One team kept mentioning that reducing emissions would save money for their potential customer. An entrepreneur instructor pushed on that, asking multiple times, “How are they saving money on emissions?”. After a back and forth, the student clarified that the clients would save money due to fuel economy and that emissions reduction was a positive (non-monetary) side benefit. The exchange was a great example of how instructive this course can be, because the entrepreneur instructor, through the back and forth questioning, guided the student to more to more accurately describe the value propositions for their solution.
Here are this week’s presentations:
First on deck was Team Li-ionNYU. They had eight interviews this week, and defined two customer archetypes: universities and big delivery companies. It was nice to see the team expand beyond universities, and they did a nice job of outlining how universities and big delivery companies differ in their buying decisions. However, the customer archetypes they presented were still too broad. Customer archetypes need to be individuals (i.e. CFO, facilities manager, etc.) who have specific jobs to accomplish and not (as this team presented) organizations.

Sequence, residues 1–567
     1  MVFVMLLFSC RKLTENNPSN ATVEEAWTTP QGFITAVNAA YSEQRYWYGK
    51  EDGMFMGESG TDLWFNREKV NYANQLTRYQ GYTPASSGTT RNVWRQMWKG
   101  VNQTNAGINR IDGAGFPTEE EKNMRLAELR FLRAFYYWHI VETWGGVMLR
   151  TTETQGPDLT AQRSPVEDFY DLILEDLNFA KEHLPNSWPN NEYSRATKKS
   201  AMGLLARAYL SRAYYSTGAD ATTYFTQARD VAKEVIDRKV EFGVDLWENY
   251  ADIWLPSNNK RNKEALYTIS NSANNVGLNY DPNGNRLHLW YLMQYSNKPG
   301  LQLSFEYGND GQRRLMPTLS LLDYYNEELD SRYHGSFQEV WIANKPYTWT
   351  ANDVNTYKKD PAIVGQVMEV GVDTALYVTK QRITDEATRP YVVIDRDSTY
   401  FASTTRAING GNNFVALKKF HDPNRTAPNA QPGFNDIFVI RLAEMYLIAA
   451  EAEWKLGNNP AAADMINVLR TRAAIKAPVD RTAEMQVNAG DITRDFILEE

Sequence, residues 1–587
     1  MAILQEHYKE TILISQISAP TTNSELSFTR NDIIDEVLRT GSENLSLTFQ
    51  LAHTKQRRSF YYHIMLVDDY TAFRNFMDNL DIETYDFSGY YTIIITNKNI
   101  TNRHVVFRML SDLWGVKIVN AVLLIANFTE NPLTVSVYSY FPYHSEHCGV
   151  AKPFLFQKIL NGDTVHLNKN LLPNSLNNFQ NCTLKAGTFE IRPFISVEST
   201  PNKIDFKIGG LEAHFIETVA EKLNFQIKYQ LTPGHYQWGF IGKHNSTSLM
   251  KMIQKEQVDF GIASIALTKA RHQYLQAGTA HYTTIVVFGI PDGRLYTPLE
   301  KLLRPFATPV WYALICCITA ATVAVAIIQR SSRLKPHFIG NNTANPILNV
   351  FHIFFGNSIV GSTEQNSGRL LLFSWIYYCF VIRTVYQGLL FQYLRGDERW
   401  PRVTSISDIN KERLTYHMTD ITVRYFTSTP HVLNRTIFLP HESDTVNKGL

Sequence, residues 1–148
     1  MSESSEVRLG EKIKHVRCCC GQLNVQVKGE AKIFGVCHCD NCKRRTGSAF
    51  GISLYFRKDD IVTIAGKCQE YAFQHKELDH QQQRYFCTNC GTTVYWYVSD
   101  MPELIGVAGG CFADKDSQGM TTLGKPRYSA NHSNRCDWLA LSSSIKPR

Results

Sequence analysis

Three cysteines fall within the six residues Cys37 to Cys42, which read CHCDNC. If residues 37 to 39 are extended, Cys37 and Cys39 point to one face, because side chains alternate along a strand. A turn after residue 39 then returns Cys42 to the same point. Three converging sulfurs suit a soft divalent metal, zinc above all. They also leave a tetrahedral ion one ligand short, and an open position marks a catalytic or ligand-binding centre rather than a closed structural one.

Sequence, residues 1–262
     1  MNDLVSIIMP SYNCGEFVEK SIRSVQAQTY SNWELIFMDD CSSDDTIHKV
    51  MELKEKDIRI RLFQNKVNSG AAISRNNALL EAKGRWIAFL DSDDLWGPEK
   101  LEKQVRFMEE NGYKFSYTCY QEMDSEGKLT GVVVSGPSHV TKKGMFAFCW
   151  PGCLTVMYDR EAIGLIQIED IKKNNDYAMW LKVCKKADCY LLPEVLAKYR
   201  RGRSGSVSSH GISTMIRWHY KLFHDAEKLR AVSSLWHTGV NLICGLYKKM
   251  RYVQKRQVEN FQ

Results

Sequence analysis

This team also had a revelation this week by figuring out that they might not be selling their product directly to a university but an intermediary that sells to universities. Their plan for next week is to interview green vehicle vendors to see if their solution would be of value to them. We were happy to see this team think outside the box beyond their original Industry Host and perceived customer. It is a sign that they are taking the LLP methodology to heart.
Next up was Team AggregEn. As we reported last week, this team did a major pivot with their customer segment, deciding to see if their solution would be of value for the financial industry. This week, they dove into testing this hypothesis by interviewing individuals who look at energy pricing data, including investors and pricing professionals at utilities. They learned that much of the pricing data that exists is not segmented by location, and they have a potential opportunity to provide more granular data for investors. What they are still determining is what segment of the financial industry would find their data most valuable (they learned this week that it would not be useful for equity traders) and they will continue conducting interviews to narrow their customer archetypes. We were impressed with how much they have learned from their interviews, but still felt like their Business Thesis was still not quite there.